the chemistry department. We hope to see this number continue
to rise! Currently, there are exciting research opportunities
Title: Instrument Maker/Designer
available for student participation in polymer science, organic
started May 2003 (this was his started date for full time, before chemistry, analytical-inorganic chemistry, and computational
that he was a part time employee)
chemistry, with natural product chemistry and biochemistry
Jim is a retired (20yrs) US Navy Engineer
coming soon. In addition, there are several ongoing collaborative
research projects between faculty members in the Chemistry
Department and faculty members in the Biology Department at
UWF. These efforts greatly add to the diversity of research at
Title: Academic Coordinator
UWF. In the future, we hope to see all areas of research continue
1973 - BS Marine Sciences
to grow and prosper. There are several Department projects in
started with chemistry in 1989
the works that we hope will encourage and facilitate participation
in undergraduate research, including:
Title: Laboratory Technician
started in Dec 2002
BS Environmental Studies
from page 1
The summer of 2002 saw the induction of the University’s Fourth
President - Dr. John Cavanaugh. Since his arrival, President
Cavanaugh has busily replacing administrators (Deans, Vice
Presidents, and Provost) who have either retired or left for
“greener pastures”. At this point in the University’s life cycle,
many of the original faculty hires have been slowly retiring in
the last several years, especially those who chose to participate
in the State’s DROP program. In fact, Dr. Tanner and Dr.
Gurst are the last two remaining “Original Hires” left as active
faculty members at UWF - 37 years of service to UWF and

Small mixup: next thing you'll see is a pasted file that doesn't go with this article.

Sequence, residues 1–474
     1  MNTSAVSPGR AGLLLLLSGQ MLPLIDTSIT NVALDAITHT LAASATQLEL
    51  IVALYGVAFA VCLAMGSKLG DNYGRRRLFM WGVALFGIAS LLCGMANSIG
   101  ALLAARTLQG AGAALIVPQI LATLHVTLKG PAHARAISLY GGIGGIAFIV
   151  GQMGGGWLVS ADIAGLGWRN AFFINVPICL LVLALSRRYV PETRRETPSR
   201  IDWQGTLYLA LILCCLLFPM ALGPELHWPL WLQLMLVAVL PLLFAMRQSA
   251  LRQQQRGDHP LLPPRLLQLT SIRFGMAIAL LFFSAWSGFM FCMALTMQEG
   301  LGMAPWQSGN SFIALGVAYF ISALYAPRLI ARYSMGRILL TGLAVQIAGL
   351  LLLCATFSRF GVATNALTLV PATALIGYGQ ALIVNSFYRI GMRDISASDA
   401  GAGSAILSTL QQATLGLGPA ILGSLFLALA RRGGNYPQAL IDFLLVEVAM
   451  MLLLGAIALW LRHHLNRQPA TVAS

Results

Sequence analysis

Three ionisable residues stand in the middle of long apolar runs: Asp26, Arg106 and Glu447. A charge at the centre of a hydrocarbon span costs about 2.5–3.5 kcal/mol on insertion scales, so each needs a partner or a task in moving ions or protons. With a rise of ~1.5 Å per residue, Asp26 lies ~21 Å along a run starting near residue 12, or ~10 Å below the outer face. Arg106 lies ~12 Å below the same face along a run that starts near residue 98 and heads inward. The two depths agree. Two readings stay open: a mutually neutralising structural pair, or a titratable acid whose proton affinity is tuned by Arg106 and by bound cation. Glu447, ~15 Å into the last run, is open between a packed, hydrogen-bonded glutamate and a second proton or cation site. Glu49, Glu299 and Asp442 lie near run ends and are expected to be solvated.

As you might expect, much of these efforts are awaiting the
proper financial support before implementation. With continued
(ongoing) support from private sources such as our alumni, and
chemical industry, in addition to public sources such as NSF,
NIH, ACS PRF and other state and federal agencies, we hope
to see all of these goals, and many more, met in the very near
Contributions to the Department
The Department of Chemistry has enjoyed a long history of extremely generous support from our alumni, probably more so than
any other department on campus. Recently, we have had several
donations of scientific instruments and equipment that have been
invaluable in enhancing the education offered to our students.
As a result of a state reorganization, university governance Currently, the department has the following areas where alumni
was transferred to a local board of trustees in 2001. During a donations are being put to use:
recent University organizational shake-up at UWF, the College
of Science and Technology combined with the College of Arts
and Social Science to form a new College of Arts and Sciences. Department of Chemistry Alumni Scholarships
The college of Arts and Sciences has also recently found a Instrument Acquisitions
new leader, the new Dean of the College of Arts and Sciences; The Ralph Birdwhistell Scholarship Endowment
Dr. Jane Halonen started her duties in mid-July of 2003.
11000 University Parkway • Pensacola, FL 32514
UWF Faculty Profiles
University of West Florida